“Once pro day comes around, I’m looking to open a lot of eyes. I think scouts just see me as a return specialist who does a good job at receiver also. That’s not true, like I said in many interviews, I am a receiver first then a return specialist. So, I cannot wait to show everyone my route running ability and prove to them that I’m up there with the best when it comes to route running. Also, I’ve been getting a lot of question about how fast I truly am. So, once it’s 40 time I cannot wait to surprise a lot of people with how fast I am”.
Edwards was named a unanimous All-CAA 1st Team Kick Returner. The question was posed as to what he felt separated him from other returners in the upcoming NFL Draft.
“I am different when the football is in my hands. I know how to make something out of nothing and my ability to make people miss is unmatched. My vision is also part of the reason why I’ve been so good at the return game because I can see things before they happen. I’ve been excelling at the return game in high school and came into college my freshman year doing the same thing all the way until my senior year. I don’t think nothing is going to change at the highest level, I believe it’s in my blood at this point. I cannot wait to show and prove everyone wrong who still doubts me”.
We wrapped up the Q&A session discussing what aspect of his game he felt he needed to focus on, in addition to what he believed would be the biggest hurdle coming from the small school ranks,
“Everyone has something they can improve on with their game and if someone ever says they are the perfect football player then it’s a lie. My biggest goal has always been getting my hands stronger and catching the ball with my hands more. Yes I can catch, and yes I catch with my hands but like a lot of receivers, I also have a tendency to catch with my body at times. It’s been working, I get the job done and make plays when needed to be made but if I really want to separate myself from the rest I must do things differently. Everything just looks a lot better and coaches are more confident when you are using your hands about 90% of the time. Also, I’m looking forward towards the hype about going against the best of the best. I come from FCS where people don’t believe there’s a lot of talent that’s comes out so once I prove to everyone that I can play ball with anyone, I’ll be fine”.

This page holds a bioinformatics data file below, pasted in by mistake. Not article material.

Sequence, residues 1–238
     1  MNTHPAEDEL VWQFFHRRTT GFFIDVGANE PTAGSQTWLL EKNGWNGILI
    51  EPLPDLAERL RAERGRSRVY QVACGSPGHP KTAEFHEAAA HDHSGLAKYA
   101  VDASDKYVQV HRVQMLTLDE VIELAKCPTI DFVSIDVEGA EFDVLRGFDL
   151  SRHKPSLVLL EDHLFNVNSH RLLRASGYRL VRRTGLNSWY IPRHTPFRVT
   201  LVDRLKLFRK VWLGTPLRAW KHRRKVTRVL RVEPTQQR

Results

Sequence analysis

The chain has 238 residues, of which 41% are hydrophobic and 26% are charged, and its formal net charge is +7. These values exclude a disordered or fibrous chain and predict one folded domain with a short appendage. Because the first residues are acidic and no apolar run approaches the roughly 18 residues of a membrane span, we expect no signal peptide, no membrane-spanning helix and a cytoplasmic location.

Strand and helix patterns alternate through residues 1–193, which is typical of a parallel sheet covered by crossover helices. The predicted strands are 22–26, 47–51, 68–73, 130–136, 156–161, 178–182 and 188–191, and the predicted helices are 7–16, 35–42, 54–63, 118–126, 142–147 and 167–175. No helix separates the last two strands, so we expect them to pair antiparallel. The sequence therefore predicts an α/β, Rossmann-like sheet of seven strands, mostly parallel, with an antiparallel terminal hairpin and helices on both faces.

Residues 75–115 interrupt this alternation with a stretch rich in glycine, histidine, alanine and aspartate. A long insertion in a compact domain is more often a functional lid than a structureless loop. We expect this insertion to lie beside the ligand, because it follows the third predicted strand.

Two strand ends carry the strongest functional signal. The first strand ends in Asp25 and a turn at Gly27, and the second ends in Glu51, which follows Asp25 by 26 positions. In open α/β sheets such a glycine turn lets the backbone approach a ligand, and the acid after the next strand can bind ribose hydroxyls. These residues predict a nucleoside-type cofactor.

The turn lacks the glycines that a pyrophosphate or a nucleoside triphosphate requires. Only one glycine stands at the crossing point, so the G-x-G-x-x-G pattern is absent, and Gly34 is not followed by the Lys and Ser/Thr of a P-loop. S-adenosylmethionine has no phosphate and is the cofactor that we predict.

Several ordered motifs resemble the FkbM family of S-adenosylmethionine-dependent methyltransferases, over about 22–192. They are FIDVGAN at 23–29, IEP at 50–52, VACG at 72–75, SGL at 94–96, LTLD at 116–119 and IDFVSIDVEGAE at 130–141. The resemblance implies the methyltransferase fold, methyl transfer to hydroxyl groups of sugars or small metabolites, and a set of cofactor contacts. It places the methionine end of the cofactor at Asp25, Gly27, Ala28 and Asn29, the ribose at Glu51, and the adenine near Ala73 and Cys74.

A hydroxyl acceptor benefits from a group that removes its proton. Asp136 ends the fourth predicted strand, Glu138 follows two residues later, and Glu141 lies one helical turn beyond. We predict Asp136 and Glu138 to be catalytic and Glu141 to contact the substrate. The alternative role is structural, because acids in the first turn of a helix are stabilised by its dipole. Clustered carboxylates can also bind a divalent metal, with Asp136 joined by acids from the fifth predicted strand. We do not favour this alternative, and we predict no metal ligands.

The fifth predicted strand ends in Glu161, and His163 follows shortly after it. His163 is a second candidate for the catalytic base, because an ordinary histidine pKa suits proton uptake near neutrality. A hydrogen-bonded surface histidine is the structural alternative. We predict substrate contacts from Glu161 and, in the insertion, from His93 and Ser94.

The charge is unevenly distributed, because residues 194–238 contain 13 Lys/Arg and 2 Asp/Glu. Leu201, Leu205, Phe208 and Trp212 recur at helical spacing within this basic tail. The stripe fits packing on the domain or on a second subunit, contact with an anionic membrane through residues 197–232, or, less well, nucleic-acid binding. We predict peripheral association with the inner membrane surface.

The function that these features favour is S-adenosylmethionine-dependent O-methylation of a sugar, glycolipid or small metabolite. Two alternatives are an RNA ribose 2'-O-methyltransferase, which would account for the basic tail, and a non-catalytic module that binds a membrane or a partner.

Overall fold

Fit in Washington
The Redskins situation at receiver has been a topic for debate all offseason. Second year WR Terry McLaurin is the unquestioned leader of the group with projected slot receiver Steven Sims Jr viewed as a player on the rise. Fellow second year receiver Kelvin Harmon definitely has upside, but more big play ability is needed from a WR#2. The depth after that isn’t much to speak of with Trey Quinn, Cam Sims, Darvin Kidsy and recently signed Cody Latimer.
One thing is clear in Washington; QB Dwayne Haskins needs more weapons after the Redskins failed to land a blue-chip receiver in free agency. It’s been well documented that HC Ron Rivera was all in for signing Amari Cooper, but the receiver ultimately decided to return to Dallas. So where does that leave Washington? They’ll no doubt invest a top 100 pick on a WR in the draft, but adding another pass catcher late on Day 3 is likely. Ernest Edwards IV would be a plug and play KR as a rookie for the Redskins with the potential to make a bid for playing time at receiver. The Maine receiver is a high character prospect and an elite kick returner, with tremendous upside to immediately be an effective role player for Washington if selected late on Day 3 or as an UDFA.
By Adam Aniba
Follow on Twitter @TheBandGreport and follow Earnest Edwards IV @EdwardsEarnest